New Arrivals at James Cummins Bookseller

- by Michael Stillman

New Arrivals at James Cummins Bookseller

Next is a book about another person who was quite small at the time of her greatest fame, though she grew to be regular size. Item 40 is Alice's Avonturen in het Wonderland, a Dutch edition circa 1912. Not much needs to be said about “Lewis Carroll's” classic. Everyone knows the premise. What makes this copy notable is that it is signed by Alice Hargreaves. She was the inspiration of Carroll's character of Alice when she was young. $2,250.

Item 45 is a book self-published by a man noted for things other than literary pursuits: Pablo Escobar Gaviria em Caricaturas 1983-1991, published in 1992. It is a compilation of political cartoons, photographs and drawings of Pablo Escobar, put together by Escobar himself while serving in a Colombian prison. Escobar was once the world's largest drug smuggler. He headed the Medellin cartel, which controlled most of the cocaine smuggling to America during the 1980s. At the peak of his power, the ruthless Escobar was reportedly worth several billion dollars. Hundreds of people were killed along the way to facilitate his rise. Eventually, the heat became too great and Escobar agreed to surrender. The terms of his deal enabled him to serve in a personal prison built to his specifications, a “prison” more often described as a luxury hotel. However, he was suspected of running his operations from prison, and to avoid a transfer to less desirable accommodations, he escaped. According to a family member, most copies of this book were burned after his escape. His freedom would not last all that long, Escobar being gunned down in a chase the following year. $5,000.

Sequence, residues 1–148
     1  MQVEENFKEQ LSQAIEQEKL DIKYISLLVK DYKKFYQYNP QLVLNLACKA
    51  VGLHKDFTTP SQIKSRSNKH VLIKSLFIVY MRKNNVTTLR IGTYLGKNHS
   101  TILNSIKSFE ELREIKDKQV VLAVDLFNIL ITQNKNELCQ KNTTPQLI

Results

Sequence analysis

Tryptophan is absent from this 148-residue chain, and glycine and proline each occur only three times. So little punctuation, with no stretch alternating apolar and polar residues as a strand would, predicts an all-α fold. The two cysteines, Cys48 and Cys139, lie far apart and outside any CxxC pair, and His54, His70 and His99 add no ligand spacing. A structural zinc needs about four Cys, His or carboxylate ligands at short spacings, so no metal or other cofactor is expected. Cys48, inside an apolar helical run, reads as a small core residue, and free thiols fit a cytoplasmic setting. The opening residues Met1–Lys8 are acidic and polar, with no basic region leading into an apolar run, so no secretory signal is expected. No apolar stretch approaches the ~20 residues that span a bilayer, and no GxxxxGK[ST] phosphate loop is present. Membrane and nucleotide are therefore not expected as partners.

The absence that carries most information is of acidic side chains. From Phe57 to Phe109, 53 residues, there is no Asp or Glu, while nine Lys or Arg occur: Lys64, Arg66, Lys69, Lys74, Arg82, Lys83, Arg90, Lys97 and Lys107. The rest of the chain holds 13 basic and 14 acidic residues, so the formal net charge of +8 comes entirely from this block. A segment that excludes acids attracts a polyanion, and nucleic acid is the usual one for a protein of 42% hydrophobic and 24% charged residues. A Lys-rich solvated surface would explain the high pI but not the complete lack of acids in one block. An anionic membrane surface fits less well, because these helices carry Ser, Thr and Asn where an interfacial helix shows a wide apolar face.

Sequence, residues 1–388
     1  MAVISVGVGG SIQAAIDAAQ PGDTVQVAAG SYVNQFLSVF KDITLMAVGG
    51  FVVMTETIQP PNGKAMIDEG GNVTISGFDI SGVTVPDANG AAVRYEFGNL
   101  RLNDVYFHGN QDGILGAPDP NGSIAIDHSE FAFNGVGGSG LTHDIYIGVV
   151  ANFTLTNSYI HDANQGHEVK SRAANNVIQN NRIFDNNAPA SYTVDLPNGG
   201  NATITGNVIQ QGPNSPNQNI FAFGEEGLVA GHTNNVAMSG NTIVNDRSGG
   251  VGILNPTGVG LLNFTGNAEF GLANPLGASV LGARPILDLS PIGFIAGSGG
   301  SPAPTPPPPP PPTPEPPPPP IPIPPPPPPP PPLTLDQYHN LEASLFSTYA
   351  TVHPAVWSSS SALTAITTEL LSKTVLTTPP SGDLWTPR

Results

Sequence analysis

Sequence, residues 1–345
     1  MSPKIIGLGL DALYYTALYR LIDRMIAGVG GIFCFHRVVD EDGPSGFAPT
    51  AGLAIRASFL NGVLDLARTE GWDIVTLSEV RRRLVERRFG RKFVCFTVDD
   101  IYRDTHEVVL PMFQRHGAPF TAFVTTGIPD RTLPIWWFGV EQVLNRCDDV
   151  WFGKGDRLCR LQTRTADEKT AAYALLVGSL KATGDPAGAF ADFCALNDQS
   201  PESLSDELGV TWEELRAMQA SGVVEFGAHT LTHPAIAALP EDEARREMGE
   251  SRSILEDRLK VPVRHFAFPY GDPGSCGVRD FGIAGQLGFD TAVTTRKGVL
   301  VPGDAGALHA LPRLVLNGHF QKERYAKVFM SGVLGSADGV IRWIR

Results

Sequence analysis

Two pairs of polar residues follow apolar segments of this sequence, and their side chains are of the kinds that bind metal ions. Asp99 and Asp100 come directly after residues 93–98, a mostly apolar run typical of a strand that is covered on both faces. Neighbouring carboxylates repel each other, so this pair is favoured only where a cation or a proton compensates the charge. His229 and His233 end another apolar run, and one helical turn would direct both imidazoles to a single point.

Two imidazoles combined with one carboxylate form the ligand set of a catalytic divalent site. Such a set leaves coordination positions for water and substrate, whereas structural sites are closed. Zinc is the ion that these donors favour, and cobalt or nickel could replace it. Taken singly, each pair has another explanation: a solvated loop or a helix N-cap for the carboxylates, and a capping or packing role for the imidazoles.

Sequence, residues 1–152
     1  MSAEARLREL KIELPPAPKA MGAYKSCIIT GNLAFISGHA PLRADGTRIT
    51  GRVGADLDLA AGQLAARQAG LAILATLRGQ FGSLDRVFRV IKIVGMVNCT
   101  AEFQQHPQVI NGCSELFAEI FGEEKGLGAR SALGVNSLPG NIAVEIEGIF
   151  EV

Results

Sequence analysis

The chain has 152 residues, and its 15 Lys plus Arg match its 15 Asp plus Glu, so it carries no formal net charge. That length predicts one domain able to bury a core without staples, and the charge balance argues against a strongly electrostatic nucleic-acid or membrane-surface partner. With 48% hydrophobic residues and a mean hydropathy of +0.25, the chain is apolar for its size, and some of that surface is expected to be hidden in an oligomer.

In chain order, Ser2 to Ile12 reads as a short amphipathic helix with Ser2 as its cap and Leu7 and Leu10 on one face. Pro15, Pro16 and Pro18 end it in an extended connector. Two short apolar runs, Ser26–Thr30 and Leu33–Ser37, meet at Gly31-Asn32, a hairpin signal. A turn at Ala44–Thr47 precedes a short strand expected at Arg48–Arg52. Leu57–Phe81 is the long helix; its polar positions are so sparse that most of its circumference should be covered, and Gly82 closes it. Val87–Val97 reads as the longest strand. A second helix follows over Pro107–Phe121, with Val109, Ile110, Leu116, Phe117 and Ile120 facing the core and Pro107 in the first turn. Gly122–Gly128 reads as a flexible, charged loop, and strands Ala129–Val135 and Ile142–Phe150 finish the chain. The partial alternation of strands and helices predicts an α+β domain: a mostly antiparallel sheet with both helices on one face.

Here is a brochure for a beautiful building in New York to house your office: The City Investing Building Broadway-Cortlandt and Church Street. Francis H. Kimball, Architect...A Fireproof Office Building Ready for Occupancy April 1908. At 33 floors, it was one of New York's first skyscrapers and one of the largest buildings of its era. All good things come to an end, and in 1968, the City Investing Building, then just known by its address of 165 Broadway, was torn down to make way for One Liberty Plaza. At the time, it was the second tallest building ever to be demolished. Item 69. $1,000.

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